"Carry a stick down with you when you go down to start the pump," he warned our children, thereby instilling a fear of beaver into our kids.

"Ignore him. You never have to fear a beaver. They are a peaceful loving creature," I argued against my wildly prejudicial husband.

My children have all but refused to go down and start the pump. Turns out the image of an angry beaver out weighs the image of a loving docile beaver. Damn you Boo.

So it's been delegated my job to go start up the pump,  make peace with the beavs, and then wrangle our hose to water my weeds.

I wandered down to the swamp, with out a stick (because I am a brave beaver lover) and marveled at the majesty of the dam my flat tailed friends had so beautifully constructed. I swatted mosquitoes and hummed softly to myself as I bent over to start our water pump.

And that's when I made eye contact with my proud and noble friend.

I do believe it hissed at me.

I backed away slowly as the pump started up with a furious roar and kept track of my new friend out of the corner of my eye.

And the little shit charged me. For the record, the beaver moves a hell of a lot faster than those nature shows would lead you to believe.

I hotfooted it out the area, laughing while a beaver scampered behind me, smacking his (her? how can you tell?) tail loudly behind me as it gave chase.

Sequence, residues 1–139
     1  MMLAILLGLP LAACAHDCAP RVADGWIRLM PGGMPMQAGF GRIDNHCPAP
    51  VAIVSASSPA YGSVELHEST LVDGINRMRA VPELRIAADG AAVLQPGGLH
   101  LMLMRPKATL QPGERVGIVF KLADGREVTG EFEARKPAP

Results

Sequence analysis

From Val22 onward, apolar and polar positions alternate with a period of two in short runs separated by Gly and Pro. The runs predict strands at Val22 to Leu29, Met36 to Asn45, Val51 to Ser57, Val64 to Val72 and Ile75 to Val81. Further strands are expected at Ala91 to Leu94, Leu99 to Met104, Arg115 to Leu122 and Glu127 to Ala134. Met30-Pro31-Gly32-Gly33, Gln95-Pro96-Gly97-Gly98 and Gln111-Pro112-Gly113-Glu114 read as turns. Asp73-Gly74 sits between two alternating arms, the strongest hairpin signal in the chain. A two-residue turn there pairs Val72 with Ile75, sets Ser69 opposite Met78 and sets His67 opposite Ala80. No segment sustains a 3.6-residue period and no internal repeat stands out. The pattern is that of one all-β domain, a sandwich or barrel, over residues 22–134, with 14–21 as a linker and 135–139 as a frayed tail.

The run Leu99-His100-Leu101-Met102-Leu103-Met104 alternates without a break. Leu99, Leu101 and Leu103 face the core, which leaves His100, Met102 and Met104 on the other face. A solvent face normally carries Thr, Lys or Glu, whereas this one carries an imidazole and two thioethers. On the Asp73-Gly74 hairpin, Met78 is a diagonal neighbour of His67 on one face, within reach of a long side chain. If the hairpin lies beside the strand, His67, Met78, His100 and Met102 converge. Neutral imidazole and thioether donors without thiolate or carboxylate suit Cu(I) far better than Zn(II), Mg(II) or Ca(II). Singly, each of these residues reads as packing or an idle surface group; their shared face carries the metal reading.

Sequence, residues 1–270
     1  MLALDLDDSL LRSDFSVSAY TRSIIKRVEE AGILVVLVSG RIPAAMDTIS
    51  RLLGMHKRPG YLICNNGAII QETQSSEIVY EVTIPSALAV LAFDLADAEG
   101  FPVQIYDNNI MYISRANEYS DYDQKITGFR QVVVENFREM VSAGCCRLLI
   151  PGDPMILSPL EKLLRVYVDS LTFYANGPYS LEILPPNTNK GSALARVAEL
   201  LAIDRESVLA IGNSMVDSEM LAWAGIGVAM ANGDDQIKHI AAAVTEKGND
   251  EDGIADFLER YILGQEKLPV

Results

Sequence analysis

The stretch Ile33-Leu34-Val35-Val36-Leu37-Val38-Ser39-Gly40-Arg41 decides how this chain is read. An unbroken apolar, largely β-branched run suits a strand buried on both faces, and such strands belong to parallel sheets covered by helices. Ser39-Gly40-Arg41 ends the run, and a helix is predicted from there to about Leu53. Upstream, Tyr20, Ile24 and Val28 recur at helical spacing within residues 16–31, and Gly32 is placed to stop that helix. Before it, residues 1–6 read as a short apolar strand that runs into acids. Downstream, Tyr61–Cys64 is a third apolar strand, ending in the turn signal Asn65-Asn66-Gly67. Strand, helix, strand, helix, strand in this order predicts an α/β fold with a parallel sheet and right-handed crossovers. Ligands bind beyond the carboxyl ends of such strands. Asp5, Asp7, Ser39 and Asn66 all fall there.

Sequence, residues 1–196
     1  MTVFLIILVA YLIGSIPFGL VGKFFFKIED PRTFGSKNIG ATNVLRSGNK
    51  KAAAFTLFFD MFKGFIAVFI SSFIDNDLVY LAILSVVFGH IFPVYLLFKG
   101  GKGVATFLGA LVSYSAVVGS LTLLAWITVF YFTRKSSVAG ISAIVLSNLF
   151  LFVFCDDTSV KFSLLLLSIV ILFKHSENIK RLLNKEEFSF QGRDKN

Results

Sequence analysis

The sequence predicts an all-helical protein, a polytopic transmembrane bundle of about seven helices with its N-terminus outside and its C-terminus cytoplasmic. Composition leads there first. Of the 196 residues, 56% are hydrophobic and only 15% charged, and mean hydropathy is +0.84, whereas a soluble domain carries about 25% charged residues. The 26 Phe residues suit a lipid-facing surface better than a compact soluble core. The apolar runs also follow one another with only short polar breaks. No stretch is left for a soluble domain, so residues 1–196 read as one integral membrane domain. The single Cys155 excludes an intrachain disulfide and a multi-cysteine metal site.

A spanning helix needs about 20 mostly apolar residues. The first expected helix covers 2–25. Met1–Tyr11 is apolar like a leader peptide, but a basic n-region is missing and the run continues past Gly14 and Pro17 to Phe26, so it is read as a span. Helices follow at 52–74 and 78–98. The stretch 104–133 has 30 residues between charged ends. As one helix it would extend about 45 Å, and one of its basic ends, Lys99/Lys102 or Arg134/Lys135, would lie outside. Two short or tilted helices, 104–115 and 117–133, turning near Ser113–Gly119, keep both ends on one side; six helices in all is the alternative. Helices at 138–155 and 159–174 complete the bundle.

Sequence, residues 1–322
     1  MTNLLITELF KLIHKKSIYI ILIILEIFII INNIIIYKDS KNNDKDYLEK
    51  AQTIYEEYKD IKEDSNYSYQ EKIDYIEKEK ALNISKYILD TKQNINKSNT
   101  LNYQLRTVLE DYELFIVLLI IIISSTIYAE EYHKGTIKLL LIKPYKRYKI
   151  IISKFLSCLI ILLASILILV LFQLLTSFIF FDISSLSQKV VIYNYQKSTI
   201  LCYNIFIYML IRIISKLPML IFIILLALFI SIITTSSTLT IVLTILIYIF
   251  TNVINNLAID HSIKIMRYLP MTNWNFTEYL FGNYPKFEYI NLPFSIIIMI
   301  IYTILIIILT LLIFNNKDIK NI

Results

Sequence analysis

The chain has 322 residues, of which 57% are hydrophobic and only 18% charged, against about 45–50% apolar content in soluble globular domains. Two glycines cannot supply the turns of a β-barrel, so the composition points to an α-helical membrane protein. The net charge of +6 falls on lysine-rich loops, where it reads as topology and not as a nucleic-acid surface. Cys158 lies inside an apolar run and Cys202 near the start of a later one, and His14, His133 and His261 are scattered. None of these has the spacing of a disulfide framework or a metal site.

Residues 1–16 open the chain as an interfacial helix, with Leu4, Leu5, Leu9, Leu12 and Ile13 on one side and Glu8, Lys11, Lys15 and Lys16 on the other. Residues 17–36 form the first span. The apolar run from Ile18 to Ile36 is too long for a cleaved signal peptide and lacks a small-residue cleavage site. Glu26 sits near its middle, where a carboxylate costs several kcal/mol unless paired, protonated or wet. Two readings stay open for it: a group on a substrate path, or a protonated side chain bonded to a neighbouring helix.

Never underestimate the power of an angry beaver.

Once I made it up to the house, I was sweaty, out of breath from laughing and slightly annoyed with my new neighbours. After years of paying homage to my beautiful friend and this is how it treats its number one fan? I was indignant. And grateful my legs were longer than his.

My kids saw me run into the house like my arse was on fire and immediately asked what was wrong. Laughing I told them, somewhat sheepishly, that their father had been correct and instead of having peaceful new pets we literally inherited a clan of rabid beavers.

"Didn't you carry a stick like Dad said to?"

"No. Stick schmick. I don't need no stinking stick for protection. The beaver is no match for me," I declared like the arse I am.

Fric eyeballed me in my ratty shorts and dirty tee, sweaty, out of breath, with scratches on my legs and twigs in my hair and raised her eyebrow.

"What?" I asked, while surveying my image in the mirror hanging in our front entrance.

"You know, you shouldn't taunt the wild life Mom. It's not nice."

"Excuse me? I did no such thing. There was no taunting. I went down, quiet as a mouse, started my pump to get my water and the greedy beaver decided he didn't want to share the natural resources your father and I rightfully purchased!"

"Really Mom? Really? Have you looked at your legs? The poor beaver probably caught one look at your unshaven stumps and thought to himself 'Wow, look at those furry trees. They'd make a mighty fine addition to my home.'"

I looked down and realized exactly how hairy my unshaven legs were.

"Whatever. That beaver was just blinded by my beauty and felt threatened."

"Ya sure Mom," my kid dryly replied as she rolled her eyes. "That or it really couldn't see the forest for the trees."

The next day I found a new razor on my bathroom counter with a note attached: Do it for the Beaver. It's Be Kind to the Wild Life Week.

Damn beavers. They always ruin everything.